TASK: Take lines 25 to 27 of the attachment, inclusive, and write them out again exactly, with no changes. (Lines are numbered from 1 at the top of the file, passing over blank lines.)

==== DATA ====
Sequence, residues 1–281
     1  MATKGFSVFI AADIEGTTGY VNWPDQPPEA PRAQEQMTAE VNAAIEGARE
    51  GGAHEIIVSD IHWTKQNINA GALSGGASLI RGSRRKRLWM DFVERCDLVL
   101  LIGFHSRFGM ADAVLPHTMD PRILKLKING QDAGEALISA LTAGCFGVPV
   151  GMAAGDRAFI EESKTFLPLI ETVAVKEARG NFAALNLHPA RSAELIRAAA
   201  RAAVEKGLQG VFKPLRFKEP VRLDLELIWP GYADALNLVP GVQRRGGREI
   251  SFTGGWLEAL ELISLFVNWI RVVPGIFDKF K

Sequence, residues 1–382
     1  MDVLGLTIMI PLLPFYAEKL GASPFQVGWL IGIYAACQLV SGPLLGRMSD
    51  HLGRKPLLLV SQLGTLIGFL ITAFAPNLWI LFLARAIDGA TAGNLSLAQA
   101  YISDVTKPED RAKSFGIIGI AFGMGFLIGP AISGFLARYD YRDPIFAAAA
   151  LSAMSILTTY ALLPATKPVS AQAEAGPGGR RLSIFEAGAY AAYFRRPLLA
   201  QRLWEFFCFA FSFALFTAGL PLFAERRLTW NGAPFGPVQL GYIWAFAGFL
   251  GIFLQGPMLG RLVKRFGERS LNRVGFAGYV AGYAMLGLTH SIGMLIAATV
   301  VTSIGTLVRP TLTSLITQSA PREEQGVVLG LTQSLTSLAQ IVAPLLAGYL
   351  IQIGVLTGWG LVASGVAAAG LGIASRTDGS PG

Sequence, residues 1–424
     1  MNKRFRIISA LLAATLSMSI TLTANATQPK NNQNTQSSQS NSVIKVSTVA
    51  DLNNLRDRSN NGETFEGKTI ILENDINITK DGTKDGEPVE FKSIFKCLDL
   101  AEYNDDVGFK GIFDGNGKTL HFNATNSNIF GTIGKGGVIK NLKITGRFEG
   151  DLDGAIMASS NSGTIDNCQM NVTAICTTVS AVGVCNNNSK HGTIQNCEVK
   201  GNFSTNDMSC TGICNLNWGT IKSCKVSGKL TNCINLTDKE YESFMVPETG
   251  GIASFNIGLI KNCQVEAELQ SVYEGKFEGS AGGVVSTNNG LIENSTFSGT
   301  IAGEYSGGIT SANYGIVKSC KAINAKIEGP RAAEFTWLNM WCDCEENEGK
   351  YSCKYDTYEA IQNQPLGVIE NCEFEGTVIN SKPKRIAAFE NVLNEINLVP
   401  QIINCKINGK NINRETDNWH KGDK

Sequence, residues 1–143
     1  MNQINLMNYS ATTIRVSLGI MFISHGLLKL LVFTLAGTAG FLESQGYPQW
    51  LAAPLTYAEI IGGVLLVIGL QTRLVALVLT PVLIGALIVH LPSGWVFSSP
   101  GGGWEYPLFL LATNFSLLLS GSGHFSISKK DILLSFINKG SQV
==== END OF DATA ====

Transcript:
   351  YSCKYDTYEA IQNQPLGVIE NCEFEGTVIN SKPKRIAAFE NVLNEINLVP
   401  QIINCKINGK NINRETDNWH KGDK

Sequence, residues 1–143